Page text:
Your discussion with Josh Fox over the merits of shale gas development in New York is an important one, and I’m glad you are embracing it. Predictably, Gov. Cuomo’s intention to release the SGEIS [background here] when the legislature is not in session, and his plan to allow drilling in areas that favor it while banning it in places that oppose it, have intensified the debate. This result came despite the governor’s attempt to “reduce the temperature of the conversation” and to avoid “a political discussion.” Fox’s reaction is part of an urgent and intense rally by national and statewide activists fighting Cuomo’s approach, and it has raised New York’s profile as the centerpiece of a national anti-fracking movement.

Policy is where politics meets science. You can’t take science out of sound decision-making. Nor can you eliminate politics. It is, after all, how we govern ourselves.

As you pursue due diligence, I think you will find that Fox’s thesis in “The Sky is Pink” — methane migration is a real and persistent problem the industry continually tries to deny — passes muster. Fox finds himself defending the shot he uses in Gasland of Mike Markham lighting his water on fire – something the industry and often regulators claim is not related to gas wells, but a “naturally occurring” phenomenon that predates drilling.

Of course methane is naturally occurring. Otherwise, operators wouldn’t be drilling for it. And sometimes it does end up in fresh water wells all by itself. It’s hard to determine the source conclusively in all cases, and cases such as Markham’s are clouded by a prevailing lack of disclosure and reporting on the part of both industry and regulators. But science as well as common sense tells us that drilling opens up new pathways for industrial scale migration of gas moving from deep places where its concentrated under high pressure to shallow, water bearing zones. The probability of this kind of methane migration is a function of the number of holes drilled through aquifers into gas bearing zones (both biogenic and thermogenic) and the imperfection of measures to control the upward rush of methane using cement casings to seal off the aquifers – a process that is faulty six percent of the time and more frequently as casings deteriorate with time.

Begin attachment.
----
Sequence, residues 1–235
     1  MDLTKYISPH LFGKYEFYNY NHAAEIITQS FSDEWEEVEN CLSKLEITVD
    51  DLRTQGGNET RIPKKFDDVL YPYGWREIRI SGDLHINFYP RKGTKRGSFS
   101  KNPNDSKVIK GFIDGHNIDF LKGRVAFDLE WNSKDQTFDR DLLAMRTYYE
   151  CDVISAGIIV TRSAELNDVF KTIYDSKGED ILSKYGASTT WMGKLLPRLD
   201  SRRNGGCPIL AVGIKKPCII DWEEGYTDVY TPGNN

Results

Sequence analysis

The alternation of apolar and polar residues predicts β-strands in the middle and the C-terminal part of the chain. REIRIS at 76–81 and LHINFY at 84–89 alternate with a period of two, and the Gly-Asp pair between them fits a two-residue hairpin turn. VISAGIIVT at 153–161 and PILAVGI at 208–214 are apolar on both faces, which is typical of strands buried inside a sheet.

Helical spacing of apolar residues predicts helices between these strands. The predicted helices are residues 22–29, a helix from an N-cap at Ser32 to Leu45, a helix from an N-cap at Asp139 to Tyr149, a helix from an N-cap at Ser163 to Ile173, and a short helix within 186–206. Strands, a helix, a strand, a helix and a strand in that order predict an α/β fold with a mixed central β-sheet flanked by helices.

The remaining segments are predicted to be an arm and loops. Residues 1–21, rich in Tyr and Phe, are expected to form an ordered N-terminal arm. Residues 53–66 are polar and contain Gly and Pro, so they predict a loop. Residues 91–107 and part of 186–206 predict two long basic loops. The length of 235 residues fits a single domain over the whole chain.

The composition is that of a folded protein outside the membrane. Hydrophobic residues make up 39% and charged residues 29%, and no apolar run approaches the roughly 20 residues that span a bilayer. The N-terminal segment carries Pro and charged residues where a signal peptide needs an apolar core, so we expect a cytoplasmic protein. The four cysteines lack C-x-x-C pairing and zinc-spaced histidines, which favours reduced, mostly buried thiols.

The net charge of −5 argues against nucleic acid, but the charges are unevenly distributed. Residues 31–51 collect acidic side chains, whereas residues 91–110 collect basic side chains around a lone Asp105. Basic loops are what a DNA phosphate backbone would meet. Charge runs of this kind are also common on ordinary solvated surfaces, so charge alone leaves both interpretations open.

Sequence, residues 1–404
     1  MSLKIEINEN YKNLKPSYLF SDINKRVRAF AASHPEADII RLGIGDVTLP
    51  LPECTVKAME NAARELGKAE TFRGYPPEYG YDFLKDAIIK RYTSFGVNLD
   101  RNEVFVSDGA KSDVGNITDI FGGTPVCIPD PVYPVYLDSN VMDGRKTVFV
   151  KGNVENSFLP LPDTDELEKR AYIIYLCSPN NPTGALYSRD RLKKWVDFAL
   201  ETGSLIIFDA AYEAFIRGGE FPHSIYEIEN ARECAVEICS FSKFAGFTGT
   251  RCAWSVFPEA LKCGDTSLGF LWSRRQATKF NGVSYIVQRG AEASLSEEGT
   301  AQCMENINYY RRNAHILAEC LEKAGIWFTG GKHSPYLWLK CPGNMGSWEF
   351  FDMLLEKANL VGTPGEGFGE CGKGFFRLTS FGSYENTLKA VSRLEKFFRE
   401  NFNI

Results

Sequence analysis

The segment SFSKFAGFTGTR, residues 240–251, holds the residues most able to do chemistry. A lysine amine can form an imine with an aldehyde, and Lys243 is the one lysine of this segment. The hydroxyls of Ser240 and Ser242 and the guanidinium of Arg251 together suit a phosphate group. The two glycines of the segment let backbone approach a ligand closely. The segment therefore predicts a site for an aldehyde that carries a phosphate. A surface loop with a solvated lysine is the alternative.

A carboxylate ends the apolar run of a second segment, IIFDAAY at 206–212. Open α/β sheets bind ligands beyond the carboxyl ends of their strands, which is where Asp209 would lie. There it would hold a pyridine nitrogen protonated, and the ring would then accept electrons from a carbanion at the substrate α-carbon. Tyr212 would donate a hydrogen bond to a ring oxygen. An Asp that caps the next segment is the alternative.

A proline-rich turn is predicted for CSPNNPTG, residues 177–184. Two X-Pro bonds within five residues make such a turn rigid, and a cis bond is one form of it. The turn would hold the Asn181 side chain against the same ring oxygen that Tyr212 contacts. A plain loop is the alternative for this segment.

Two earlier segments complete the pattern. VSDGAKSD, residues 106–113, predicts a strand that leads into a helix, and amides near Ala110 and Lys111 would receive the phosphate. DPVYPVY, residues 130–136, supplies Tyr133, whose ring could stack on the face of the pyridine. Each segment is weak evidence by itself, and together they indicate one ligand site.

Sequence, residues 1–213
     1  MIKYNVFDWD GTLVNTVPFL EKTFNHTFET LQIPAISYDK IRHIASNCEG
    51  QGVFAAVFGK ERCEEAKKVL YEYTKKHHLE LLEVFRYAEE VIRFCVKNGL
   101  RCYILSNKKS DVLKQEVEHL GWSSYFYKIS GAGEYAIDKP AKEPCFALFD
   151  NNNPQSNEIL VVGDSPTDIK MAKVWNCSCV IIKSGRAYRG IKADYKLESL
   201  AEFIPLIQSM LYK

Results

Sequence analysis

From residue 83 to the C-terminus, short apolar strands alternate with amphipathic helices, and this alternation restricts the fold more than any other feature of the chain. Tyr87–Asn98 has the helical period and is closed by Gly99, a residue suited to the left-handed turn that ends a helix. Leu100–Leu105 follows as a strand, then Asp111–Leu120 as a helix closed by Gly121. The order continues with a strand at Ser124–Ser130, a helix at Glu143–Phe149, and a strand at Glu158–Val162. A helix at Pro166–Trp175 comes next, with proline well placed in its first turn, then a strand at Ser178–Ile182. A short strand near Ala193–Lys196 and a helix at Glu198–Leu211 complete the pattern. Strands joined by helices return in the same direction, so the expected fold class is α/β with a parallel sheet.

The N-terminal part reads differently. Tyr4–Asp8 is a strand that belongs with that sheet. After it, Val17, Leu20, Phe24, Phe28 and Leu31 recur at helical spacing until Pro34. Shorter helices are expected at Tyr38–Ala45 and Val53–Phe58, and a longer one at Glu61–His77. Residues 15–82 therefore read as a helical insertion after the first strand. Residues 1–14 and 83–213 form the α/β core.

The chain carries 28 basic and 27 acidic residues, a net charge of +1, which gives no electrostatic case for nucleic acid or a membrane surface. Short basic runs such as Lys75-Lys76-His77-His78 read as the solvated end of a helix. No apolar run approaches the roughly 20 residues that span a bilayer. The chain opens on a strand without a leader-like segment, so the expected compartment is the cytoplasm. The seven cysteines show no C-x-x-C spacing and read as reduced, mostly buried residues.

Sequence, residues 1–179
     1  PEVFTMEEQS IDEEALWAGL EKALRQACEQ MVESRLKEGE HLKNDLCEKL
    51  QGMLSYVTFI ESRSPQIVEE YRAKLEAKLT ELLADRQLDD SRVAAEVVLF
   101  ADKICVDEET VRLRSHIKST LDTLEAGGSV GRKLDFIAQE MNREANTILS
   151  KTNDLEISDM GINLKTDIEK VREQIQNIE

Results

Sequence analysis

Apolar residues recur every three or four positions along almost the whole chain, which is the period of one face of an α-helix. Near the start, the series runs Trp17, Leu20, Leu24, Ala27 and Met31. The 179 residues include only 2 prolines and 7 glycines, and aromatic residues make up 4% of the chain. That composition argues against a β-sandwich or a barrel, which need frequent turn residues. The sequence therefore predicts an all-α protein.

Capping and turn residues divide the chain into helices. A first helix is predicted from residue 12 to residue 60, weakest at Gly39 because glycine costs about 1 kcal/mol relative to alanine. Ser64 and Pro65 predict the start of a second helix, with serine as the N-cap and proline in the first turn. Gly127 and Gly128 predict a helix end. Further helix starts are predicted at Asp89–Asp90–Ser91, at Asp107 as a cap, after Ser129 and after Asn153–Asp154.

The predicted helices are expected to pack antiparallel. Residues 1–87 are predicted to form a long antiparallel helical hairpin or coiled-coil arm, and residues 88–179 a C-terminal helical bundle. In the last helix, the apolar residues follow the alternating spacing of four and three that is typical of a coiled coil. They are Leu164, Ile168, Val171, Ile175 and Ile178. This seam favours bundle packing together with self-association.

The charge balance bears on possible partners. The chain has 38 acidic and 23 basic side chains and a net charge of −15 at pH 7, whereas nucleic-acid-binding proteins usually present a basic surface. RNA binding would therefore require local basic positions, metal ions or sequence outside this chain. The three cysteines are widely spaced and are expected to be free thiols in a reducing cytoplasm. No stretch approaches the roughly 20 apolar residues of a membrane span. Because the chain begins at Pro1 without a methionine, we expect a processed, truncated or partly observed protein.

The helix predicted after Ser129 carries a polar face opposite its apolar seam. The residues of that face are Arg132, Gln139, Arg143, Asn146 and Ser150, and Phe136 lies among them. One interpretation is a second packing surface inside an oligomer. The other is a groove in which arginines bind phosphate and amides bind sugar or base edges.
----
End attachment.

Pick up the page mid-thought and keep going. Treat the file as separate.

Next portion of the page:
I have examined and reported this while covering the Marcellus Shale development in New York and Pennsylvania for Gannett, and later while writing Under the Surface, Fracking Fortunes and the Fate of the Marcellus Shale. In 2004, Pennsylvania DEP records documented the collection of gas in the basement of the Harper residence, near several gas wells in Jefferson County about 80 miles northeast of Pittsburgh. On March 5, the furnace kicked on, and the explosion leveled the house and killed Charles Harper, his wife Dorothy, and their grandson, Baelee. In July 2008, an explosion killed a resident of Marion Township, Pa., who tried to light a candle in the bathroom. The Pennsylvania DEP’s record of the event—one paragraph long—states that the agency “became aware” of the problem after the fatality, which it linked to gas migrating into the septic system from an old gas well with deteriorated casing. [Here's the report mentioning the incident and a relevant section of Wilber's book.]

In September, 2009, the DEP presented its compilation of known cases related to gas wells to the Pennsylvania state’s Oil and Gas Technical Advisory Board, a group of state government– appointed industry representatives that advises the agency on technical and policy matters. According to the briefing, methane migration from gas drilling, had “caused or contributed to” at least six explosions that killed four people and injured three others over the course of the decade preceding full-scale Marcellus development. The threat of explosions had forced 20 families from their homes, sometimes for months. At least 25 other families have had to deal with the shut-off of utility service or the installation of venting systems in their homes. At least 60 water wells (including three municipal supplies) had been contaminated. [Wilber links to related Pennsylvania government report, "Stray Natural Gas Migration Associated with Oil and Gas Wells".]